Mountain Hike Vacation in North Carolina
Deep Gap Trail – Also known as the Black Mountain Crest Trail (Mount Mitchell State Park)
The Mountain Hiker Rating: 8 out of 10
- Contributor: MGF
- Time required: 2 – 4 hours round trip (dependant on choice of hike)
- Degree of Difficulty: 6 out of 10
- Height: 6,663 feet (2,031 meters) / Actual change in vertical of this trail is approximately 1,600 feet (490m), as the trailhead begins around 6,540 feet (1,990m) and has 5-6 ups-and-downs of around 300 feet (95m) each.
- Distance: 2.5 – 12 miles (4 – 19 km) round trip (dependant on choice of hike)
- Guide Required: No – The trailhead and trail are well marked
Heading north from Asheville North Carolina, we drove just under an hour up the Blue Ridge Parkway and Forest Service Road #128 to the Mount Mitchell State ‘picnic area’ parking lot, where the trailhead for the Deep Gap Trail is located.
From the picnic area, the natural trail flows up and down along this Black Mountain ridge, first reaching the peak of Mount Craig, which at 6,663 feet (2,031 m) above sea level makes it the second highest peak in eastern North America, then followed by Big Tom peak at an elevation of 6,580 feet (2,006m). We went part way to the peak at Balsam Cone [6,596 feet (2,010m)], and the trail actually continues to Cattail peak [6,584 feet (2,007m)], then on to the Deep Gap campground.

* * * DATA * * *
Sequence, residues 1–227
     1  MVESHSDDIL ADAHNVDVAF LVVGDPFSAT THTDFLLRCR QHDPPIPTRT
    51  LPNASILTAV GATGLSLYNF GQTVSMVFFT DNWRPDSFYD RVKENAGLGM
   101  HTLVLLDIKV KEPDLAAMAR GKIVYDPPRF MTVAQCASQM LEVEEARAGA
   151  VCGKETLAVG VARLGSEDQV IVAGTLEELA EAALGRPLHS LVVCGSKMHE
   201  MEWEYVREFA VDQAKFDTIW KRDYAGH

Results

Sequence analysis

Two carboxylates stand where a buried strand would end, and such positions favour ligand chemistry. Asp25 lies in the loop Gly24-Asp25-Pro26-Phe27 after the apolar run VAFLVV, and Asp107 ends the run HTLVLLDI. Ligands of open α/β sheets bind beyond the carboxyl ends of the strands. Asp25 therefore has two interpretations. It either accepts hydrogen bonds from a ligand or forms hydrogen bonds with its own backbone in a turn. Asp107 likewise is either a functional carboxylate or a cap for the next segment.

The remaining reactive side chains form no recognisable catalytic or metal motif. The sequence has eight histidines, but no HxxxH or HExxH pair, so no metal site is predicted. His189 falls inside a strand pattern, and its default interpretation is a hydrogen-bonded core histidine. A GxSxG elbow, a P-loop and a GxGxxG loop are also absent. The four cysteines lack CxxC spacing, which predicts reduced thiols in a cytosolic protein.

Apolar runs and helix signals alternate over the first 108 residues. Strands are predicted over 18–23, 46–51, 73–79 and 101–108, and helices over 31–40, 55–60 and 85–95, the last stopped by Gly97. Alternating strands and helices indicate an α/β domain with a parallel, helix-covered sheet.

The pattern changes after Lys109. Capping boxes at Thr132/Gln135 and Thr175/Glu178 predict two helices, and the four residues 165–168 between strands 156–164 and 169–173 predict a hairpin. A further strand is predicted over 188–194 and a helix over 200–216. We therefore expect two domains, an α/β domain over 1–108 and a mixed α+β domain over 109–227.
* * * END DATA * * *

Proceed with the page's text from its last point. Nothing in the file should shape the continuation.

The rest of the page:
After the initial hundred feet of groomed trail, the path became more natural, and followed a fairly straight line through a wooded forest. We encountered a number of large rocky outcrops on our hike of the Deep Gap Trail, and a couple of short steep sections with ropes to assist the hiker, although we didn’t need them as the weather and ground conditions were dry.
As this was just a “tune-up” before our big Mount Mitchell hike the following day, we only hiked the Deep Gap Trail for about 2.5 hours round trip. We’re glad we did, as the views were great… no they were outstanding! We could see the western side of Mount Mitchell State Park as well as the Pisgah National Forest, including Pensecola to the North. The constantly moving cloud cover created a surreal light-dark “camouflage” effect across the mountainsides. This short hike provided phenomenal views of the surrounding landscape and this is what hiking in North Carolina’s Black Mountains is all about!
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